I remember long stretches of unstructured time with nothing to do. Time reduced to a kind of metronome, second after second, or sensation after sensation. I remember being confronted by the irritating sense that I was trapped, caught, in unending time.
Boredom comes in different shapes and sizes. But I find that it is not very often that we encounter this distinct type of boredom in adulthood.
We don't live by the metronome as grown-ups. We live, rather, by the project. A dinner may take a few hours and the writing of a book, or the raising of a child, many years. But these are the sorts of organized activities that arc with beginnings, middles and ends — activities that structure our lives and inject us into a curve that soars above the axis of linear time.
It is a commonplace that time seems to accelerate as you get older. I suspect this has to do with the tendency of these projects — and organized arcs of significance — to control our whole lives more and more as we get older.
But there is one place in my adult life where I have known the same boredom that I associate with childhood: It is in the vicinity of art. I think of what it is like to be stuck in a middle seat during a long performance, or that sinking feeling that comes over me when, after the lines and the coat check, I now find myself confronted with another gallery, a room full of more pictures hanging impassively on the walls.
At one performance I attended with a friend, he remarked on how "dull" the experience was. What's curious, what demands attention, is this: I don't think my friend meant that the show we'd sat through was no good. It was boring, yes, but not necessarily bad just because it was boring.
Works of art, in all their variety, it seems to me, afford us the opportunity for boredom — and they do so when everything in our lives mitigates against boredom. Maybe this is one of art's gifts? Could it be that the power to bore us to tears is a clue to what art is and why it is so important?
Some artists, we know, aim at boredom. But I'm drawn to the more radical possibility that all art points toward boredom, not exactly as its goal, but as its foreseeable consequence. Or as one of its mechanisms. Why should this be?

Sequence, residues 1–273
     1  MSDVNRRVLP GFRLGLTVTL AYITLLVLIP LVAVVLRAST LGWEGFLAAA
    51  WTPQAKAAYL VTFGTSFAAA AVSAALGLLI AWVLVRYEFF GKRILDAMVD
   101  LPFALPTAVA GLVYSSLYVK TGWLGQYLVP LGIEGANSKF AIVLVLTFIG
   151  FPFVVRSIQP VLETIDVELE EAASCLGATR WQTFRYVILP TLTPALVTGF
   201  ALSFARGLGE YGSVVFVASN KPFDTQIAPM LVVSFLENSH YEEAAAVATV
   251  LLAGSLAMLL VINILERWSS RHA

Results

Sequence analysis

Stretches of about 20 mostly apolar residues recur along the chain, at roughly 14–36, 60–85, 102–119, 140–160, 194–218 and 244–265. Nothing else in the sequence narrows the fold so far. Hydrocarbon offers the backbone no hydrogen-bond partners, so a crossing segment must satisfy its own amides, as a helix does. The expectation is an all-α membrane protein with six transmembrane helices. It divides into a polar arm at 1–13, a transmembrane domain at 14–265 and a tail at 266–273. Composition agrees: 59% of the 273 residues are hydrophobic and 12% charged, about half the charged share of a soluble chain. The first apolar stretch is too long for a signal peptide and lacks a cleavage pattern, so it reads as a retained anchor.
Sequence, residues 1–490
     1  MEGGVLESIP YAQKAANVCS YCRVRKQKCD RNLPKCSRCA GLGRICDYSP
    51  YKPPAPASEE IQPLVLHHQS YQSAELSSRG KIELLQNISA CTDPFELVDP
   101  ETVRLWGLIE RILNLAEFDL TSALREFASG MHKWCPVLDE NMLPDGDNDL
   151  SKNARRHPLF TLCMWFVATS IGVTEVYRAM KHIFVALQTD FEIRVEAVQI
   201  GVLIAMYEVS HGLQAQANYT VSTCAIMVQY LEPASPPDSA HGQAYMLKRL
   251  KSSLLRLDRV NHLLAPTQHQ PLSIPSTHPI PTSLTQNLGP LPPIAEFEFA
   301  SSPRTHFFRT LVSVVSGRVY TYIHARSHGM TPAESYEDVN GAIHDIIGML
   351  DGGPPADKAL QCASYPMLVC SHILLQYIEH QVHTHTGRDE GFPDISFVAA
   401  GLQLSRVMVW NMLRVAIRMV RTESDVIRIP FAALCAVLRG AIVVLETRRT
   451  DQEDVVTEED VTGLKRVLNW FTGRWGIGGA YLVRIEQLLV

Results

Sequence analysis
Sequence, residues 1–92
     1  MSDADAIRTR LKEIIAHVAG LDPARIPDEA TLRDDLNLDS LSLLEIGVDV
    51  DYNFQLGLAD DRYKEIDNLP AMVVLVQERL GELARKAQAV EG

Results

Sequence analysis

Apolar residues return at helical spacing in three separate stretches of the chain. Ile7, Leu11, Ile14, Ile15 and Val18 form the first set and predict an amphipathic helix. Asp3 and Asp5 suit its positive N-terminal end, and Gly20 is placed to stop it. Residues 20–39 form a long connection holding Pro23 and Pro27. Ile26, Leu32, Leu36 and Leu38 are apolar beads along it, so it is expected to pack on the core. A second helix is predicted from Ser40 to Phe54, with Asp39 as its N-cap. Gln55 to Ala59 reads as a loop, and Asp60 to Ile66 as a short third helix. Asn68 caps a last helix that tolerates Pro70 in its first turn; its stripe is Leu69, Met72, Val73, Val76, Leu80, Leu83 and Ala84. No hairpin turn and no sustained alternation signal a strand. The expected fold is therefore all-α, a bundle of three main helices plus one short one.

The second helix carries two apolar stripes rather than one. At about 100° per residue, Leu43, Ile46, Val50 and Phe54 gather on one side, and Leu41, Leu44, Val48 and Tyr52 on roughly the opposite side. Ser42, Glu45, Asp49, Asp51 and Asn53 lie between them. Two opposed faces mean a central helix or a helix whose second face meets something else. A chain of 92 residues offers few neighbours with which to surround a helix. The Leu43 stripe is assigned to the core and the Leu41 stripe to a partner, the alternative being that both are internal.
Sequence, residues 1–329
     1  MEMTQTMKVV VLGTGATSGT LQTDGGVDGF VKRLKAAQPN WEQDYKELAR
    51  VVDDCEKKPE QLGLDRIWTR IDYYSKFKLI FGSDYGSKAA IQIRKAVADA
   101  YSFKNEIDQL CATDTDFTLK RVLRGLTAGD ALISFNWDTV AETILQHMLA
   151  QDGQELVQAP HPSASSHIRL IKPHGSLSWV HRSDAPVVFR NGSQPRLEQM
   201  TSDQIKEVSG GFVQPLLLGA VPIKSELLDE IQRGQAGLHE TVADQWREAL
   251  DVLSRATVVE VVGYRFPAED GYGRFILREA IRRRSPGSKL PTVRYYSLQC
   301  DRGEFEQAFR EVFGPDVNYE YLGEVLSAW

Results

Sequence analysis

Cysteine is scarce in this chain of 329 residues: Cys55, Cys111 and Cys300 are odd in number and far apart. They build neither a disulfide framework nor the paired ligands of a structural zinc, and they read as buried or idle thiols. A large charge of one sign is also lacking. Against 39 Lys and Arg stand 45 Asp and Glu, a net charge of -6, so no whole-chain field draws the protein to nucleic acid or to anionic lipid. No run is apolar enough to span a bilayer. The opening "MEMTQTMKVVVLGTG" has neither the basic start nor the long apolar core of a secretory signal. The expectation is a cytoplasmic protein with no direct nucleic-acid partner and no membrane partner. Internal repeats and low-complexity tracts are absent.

Art induces, in a sense, a temporary illiteracy or, even more, a temporary blindness. Works of art say: "I may be a portrait, or a still life, but unlike the photograph in this morning's newspaper, or in your photo album, there is no caption that you can think up — nor is there one written on the wall, even if there is one written on the wall — that settles, once and for all, what I am doing, what I am showing, whether I am showing anything at all, and if I am, why I am doing it."
Art in this sense interrupts the arc — or disturbs. It unveils us to ourselves. It forces us to recognize all that we take for granted that ordinarily makes it possible to know, without wondering about it, what is happening. Art precludes, maybe only momentarily, the skillful fluency that ensures intelligibility. And surely one natural response — not the only response, to be sure, but one that is always there, in the offing, as a possible response — is boredom.
This is the same kind of boredom that you might encounter in works of philosophy. You can't dip into philosophy for an answer to this or that. This is because philosophy, unlike physics, doesn't produce nuggets of truth or fact. In philosophy there is no bottom line — there is no answer that can be placed in the archives.
Art and philosophy are in this way alike. And if we measure them by more familiar standards of utility, or practical value, or application, well, then, they fall short. And in so far as we are caught up in those standards and expectations, well, then, art and philosophy are liable to bore us, for they interupt what we are doing and they demand that we break not just with what keeps boredom at bay, but with so much of what we take for granted that makes ordinary organized living possible.
Art's boredom, like philosophy's, is a valuable boredom. This boredom itself is an aspect of art's work, its power to disrupt and, in disrupting, reveal us to ourselves.
I said the work of art challenges you to perceive it or bring it into focus. The work of art, as I put in my book Strange Tools, says: "See me, if you can! I dare you!"
But works of art don't just present themselves as obscure and out of focus. They also, I think, are required — by what the choreographer Jonathan Burrows has referred to as a kind of implicit contract — to give you the resources that you require to make sense of them. Works of art, then, are contract opportunities to move from not seeing, to seeing, or from not getting it, to getting it.
Boredom can be a symptom of the fact that we are out of our comfort zone.
When it comes to art, and philosophy, there isn't even anything that rises to the level of an encounter until you experience the fact that it is not the work — not the picture, or play, or dance, or song, or installation — that is opening itself up. But you, yourself, and all of us together.
For more on this topic and on Strange Tools, you can visit Alva's website.
Alva Noë is a philosopher at the University of California, Berkeley, where he writes and teaches about perception, consciousness and art. He is the author of several books, including his latest, Strange Tools: Art and Human Nature (Farrar Straus and Giroux, 2015). You can keep up with more of what Alva is thinking on Facebook and on Twitter: @alvanoe